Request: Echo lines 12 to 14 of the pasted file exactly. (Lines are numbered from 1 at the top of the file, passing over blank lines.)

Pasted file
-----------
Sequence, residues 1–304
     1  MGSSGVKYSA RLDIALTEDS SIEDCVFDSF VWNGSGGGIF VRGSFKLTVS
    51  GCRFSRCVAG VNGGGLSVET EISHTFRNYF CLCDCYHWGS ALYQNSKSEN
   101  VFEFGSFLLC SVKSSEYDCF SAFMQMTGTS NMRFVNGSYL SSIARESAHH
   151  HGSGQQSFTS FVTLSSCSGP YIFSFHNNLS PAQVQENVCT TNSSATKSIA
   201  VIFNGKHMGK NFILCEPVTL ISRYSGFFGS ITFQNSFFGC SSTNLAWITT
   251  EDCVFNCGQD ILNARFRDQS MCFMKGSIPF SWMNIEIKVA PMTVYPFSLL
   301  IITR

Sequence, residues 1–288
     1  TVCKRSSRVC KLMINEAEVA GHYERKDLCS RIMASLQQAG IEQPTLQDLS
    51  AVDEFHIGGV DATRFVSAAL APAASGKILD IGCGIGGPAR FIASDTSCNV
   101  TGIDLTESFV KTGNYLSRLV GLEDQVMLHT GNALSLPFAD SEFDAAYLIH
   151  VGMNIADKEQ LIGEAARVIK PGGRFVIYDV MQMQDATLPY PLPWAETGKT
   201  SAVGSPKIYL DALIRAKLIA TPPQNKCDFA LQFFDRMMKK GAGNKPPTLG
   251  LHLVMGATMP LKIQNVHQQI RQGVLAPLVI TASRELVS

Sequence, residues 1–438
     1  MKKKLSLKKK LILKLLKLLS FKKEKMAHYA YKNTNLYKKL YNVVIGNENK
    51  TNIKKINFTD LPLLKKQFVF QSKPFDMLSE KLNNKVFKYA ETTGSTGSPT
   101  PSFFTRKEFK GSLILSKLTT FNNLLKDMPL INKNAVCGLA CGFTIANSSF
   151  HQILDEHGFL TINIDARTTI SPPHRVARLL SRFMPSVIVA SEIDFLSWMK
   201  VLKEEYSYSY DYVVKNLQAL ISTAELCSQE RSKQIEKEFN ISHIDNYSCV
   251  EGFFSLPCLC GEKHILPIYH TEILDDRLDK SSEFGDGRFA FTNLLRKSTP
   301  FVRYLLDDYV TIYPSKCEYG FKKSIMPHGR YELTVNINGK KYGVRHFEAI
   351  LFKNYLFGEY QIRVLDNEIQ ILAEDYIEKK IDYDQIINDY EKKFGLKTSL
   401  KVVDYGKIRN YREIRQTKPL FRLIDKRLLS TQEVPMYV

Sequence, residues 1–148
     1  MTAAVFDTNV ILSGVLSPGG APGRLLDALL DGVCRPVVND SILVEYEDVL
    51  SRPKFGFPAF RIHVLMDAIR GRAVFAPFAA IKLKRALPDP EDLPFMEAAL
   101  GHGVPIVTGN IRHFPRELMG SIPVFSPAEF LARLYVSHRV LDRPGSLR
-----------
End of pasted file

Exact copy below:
   101  TGIDLTESFV KTGNYLSRLV GLEDQVMLHT GNALSLPFAD SEFDAAYLIH
   151  VGMNIADKEQ LIGEAARVIK PGGRFVIYDV MQMQDATLPY PLPWAETGKT
   201  SAVGSPKIYL DALIRAKLIA TPPQNKCDFA LQFFDRMMKK GAGNKPPTLG